‘CIA drones in Pakistan illegal, says UN.’
March 15, 2013
Ben Emmerson QC, the UN Special Rapporteur for Counter-Terrorism and Human Rights, has returned from a three day trip to Pakistan.
In a statement released today, Emmerson said that the Pakistani government had made it clear to him that they consider the CIA drone programme to be “counter-productive, contrary to international law, a violation of Pakistan’s sovereignty and territorial integrity, [and that] they should cease immediately”.
While in Pakistan, Emmerson met with victims of drone strikes as well as government officials. In his statement today the Special Rapporteur emphasised the devastating effect of drones on the everyday life of entire communities in the North West of Pakistan, where the unmanned missiles constantly hover overhead. The Bureau for Investigative Journalism estimates that up to 3,577 people have been killed in drone strikes.
Commenting, Reprieve’s Legal Director Kat Craig said: “The UN’s statement today is an unequivocal warning that the CIA drones programme is not only completely unwanted by the Pakistani government but is irrefutably illegal. More worryingly, it is shredding apart the fabric of life in Pakistan, terrorising entire communities. The Special Rapporteur’s job is to balance the need for counter-terrorism with the need to protect basic human rights – what he has revealed today is that this balance is far, far from being achieved. US drone strikes in Pakistan must stop and the international community must turn its attention to the plight of the most vulnerable people whose lives are being devastated by these killing machines.”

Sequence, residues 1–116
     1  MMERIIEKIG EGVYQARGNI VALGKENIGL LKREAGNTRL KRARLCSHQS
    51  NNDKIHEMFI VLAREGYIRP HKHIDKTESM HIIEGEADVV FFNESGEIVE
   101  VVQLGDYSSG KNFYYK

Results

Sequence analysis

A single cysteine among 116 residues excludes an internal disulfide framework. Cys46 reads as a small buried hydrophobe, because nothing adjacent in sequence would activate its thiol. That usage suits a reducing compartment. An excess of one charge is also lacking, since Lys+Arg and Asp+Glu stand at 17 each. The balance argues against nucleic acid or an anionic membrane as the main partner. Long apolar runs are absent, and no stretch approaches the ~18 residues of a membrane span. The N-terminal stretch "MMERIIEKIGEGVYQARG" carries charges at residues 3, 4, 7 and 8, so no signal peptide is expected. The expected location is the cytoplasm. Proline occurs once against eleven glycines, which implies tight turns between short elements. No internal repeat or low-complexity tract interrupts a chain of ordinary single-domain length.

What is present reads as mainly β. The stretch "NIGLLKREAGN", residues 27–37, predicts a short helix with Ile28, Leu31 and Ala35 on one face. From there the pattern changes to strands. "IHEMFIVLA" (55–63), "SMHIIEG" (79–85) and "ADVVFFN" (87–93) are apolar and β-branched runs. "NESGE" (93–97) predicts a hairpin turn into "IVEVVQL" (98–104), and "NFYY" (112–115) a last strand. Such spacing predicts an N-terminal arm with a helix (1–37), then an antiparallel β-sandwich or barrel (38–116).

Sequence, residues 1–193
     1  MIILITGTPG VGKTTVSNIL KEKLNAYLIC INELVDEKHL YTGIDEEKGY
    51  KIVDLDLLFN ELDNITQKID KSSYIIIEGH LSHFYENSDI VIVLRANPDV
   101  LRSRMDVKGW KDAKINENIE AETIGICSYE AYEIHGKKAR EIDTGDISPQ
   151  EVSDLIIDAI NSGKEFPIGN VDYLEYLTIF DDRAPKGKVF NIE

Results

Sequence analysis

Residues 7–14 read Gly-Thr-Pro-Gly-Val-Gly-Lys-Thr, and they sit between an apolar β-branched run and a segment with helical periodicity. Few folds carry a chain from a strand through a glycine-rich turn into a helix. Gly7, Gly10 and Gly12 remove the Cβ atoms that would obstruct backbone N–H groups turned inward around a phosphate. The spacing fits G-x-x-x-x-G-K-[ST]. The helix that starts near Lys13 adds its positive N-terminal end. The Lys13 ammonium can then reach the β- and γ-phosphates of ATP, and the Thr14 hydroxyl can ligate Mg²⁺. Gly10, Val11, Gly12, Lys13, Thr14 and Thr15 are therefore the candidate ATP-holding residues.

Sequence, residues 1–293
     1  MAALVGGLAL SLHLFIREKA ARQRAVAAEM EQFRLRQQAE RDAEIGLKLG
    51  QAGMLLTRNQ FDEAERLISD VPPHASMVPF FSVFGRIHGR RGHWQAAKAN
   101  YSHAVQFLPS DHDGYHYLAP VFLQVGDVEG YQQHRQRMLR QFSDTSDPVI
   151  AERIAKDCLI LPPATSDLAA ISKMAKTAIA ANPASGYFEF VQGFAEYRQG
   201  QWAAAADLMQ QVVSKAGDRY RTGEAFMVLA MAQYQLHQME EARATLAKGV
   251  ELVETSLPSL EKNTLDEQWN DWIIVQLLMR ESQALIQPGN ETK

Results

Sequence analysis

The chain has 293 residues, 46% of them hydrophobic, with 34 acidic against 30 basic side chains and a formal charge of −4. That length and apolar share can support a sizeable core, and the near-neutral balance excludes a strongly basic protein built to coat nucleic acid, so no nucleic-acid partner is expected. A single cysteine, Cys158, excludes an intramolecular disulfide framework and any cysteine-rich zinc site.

Notes to editors:
1. For more information please contact Clemency Wells in Reprieve’s Press Office, on: +44 (0) 207 553 8161 / email@example.com
2. For further information about Reprieve’s work on drones, please see here
Reprieve, a legal action charity, uses the law to enforce the human rights of prisoners, from death row to Guantánamo Bay. Reprieve investigates, litigates and educates, working on the frontline, to provide legal support to prisoners unable to pay for it themselves. Reprieve promotes the rule of law around the world, securing each person’s right to a fair trial and saving lives. Clive Stafford Smith is the founder of Reprieve and has spent 25 years working on behalf of people facing the death penalty in the USA.
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